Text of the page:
Are you ready to go back to work? Whether your job is 100 percent remote or you need to go into the office, you need someone to watch your toddler during work-day hours. If you're not sure what you want, need, or should have in a child care center, take a look at the questions to ask right now.
When Will Your Job Start?
Some centers don't have immediate openings. If you'll return to work in the next few weeks, you may have limited daycare choices. Before you fall in love with an early childhood center, ask the director if they have space for your child.
Even though it might seem like the immediate need for daycare could limit your center search, you still have options. If the perfect choice for child has a waitlist, consider other temporary options. Hire a sitter for a few months or ask a relative (such as a grandparent) to watch your toddler. These alternatives offer the care and supervision your child needs while you're at work—minus the commitment to a center that isn't at the top of your list.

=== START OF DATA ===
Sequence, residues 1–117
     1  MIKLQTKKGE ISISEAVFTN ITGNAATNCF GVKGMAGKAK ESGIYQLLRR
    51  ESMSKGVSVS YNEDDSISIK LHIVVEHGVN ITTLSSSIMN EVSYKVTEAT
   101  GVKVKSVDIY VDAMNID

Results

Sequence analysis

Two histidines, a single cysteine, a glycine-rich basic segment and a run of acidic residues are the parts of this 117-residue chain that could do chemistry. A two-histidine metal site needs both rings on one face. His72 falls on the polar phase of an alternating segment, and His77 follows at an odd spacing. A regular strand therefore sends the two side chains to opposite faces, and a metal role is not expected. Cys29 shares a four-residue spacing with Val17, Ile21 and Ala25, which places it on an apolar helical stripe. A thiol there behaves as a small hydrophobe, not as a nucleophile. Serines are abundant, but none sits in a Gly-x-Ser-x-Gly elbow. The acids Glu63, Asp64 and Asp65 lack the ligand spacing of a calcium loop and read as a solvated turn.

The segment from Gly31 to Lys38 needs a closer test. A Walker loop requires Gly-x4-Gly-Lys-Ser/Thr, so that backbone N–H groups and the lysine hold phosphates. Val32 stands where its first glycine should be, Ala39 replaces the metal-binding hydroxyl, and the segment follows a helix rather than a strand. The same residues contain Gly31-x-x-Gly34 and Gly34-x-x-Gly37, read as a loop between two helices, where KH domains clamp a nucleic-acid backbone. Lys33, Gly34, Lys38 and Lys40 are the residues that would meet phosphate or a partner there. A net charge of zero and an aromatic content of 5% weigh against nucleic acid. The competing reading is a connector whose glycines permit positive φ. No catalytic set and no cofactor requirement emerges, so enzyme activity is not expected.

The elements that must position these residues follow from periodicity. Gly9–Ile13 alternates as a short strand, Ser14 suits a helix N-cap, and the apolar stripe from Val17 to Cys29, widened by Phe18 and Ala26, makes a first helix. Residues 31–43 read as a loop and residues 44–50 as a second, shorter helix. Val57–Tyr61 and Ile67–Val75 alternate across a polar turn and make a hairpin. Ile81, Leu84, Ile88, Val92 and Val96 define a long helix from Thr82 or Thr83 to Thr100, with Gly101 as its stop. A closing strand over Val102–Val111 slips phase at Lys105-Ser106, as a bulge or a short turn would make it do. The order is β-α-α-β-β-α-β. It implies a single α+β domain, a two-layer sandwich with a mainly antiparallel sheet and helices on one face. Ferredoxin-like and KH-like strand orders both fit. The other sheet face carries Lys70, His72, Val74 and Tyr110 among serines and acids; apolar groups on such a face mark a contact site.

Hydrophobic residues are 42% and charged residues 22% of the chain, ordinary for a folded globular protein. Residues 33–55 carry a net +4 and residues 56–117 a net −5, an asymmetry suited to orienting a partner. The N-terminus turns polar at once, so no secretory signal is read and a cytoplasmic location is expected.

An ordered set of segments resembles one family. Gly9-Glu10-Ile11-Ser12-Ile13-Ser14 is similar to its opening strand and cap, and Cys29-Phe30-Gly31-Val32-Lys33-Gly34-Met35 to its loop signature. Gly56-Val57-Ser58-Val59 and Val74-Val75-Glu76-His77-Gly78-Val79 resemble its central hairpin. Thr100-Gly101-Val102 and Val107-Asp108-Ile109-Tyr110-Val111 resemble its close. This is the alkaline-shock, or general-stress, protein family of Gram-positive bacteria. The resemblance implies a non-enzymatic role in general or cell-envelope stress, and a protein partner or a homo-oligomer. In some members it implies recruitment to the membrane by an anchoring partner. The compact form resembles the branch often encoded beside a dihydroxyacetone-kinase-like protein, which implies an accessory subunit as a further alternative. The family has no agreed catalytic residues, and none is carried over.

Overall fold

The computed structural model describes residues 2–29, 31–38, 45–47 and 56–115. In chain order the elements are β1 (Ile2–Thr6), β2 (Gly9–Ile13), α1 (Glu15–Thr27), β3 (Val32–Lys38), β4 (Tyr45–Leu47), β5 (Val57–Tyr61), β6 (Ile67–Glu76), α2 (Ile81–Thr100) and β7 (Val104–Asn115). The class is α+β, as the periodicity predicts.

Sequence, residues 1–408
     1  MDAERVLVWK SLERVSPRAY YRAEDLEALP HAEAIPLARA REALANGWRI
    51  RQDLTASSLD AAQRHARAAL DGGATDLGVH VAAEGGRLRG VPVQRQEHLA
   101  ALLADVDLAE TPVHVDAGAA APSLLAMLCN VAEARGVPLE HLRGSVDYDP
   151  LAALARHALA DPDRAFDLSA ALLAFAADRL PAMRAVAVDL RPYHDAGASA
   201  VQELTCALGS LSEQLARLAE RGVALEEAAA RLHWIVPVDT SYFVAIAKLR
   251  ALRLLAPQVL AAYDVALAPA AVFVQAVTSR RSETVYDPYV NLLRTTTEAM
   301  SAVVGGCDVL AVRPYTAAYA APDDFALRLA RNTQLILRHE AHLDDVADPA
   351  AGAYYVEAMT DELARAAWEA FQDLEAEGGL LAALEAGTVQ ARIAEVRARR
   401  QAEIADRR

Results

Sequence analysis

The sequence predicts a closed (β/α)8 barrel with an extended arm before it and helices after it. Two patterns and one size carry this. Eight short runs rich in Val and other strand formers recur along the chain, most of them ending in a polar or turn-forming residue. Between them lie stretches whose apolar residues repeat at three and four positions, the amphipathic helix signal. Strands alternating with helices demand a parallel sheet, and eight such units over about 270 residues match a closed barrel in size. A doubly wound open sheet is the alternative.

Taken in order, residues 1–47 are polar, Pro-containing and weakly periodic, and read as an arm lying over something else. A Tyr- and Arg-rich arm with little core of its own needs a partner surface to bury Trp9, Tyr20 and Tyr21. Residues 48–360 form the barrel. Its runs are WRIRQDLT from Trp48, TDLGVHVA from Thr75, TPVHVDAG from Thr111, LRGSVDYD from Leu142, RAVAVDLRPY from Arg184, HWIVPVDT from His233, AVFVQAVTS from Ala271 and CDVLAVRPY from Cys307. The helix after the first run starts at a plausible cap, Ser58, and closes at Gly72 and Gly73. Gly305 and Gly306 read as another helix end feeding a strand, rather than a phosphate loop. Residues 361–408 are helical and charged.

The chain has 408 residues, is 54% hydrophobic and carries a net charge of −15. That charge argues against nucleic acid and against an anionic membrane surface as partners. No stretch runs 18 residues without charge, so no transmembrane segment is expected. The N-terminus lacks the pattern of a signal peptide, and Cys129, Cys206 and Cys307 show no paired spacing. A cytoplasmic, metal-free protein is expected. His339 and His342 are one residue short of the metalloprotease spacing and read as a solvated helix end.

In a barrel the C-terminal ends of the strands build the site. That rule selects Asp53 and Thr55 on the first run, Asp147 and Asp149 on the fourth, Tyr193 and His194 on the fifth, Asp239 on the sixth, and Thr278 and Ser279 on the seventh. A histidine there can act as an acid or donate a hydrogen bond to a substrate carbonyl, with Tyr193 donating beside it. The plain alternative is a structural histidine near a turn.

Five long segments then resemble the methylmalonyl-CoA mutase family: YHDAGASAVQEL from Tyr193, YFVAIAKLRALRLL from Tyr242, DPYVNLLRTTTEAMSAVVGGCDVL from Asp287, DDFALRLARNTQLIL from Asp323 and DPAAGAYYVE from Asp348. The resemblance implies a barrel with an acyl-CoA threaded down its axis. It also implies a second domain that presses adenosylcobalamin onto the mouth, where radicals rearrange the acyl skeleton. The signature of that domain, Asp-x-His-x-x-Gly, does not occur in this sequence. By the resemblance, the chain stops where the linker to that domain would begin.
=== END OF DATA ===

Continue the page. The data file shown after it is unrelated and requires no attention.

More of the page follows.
Do You Need Part- or Full-Time Care?
How many hours or days will you work? If you won't work all five weekdays, ask the center director about the part-time care options. A part-time daycare schedule may save you money. But this doesn't necessarily mean you'll pay less if your child only goes to the center for the mornings or afternoons.
While you may think of part-time as anything less than a full five days each week, the center may define it differently. Discuss what the school or program considers part-time and what the rate differences are between the different schedule options.
Will You Have Time to Make Lunches and Snacks?
The first few days, weeks, or even months back to work as a new parent come with challenges. The early morning before-school/before-work rush may not leave much time for you to pack a healthy lunch or snacks for your toddler. Cut your to-do list down and ask the center's director if they provide lunch or snacks for the students. If they do, make sure the options match your child's nutrition needs or food allergies/sensitivities.
What Else Is Important to You?
Every parent has different wants or needs for their child's care. Write a list of what you expect from a daycare center. Your list could include anything from the staff qualifications and the adult-to-child ratio in each room to specific activities. Organize your list by categories or rank each point by importance.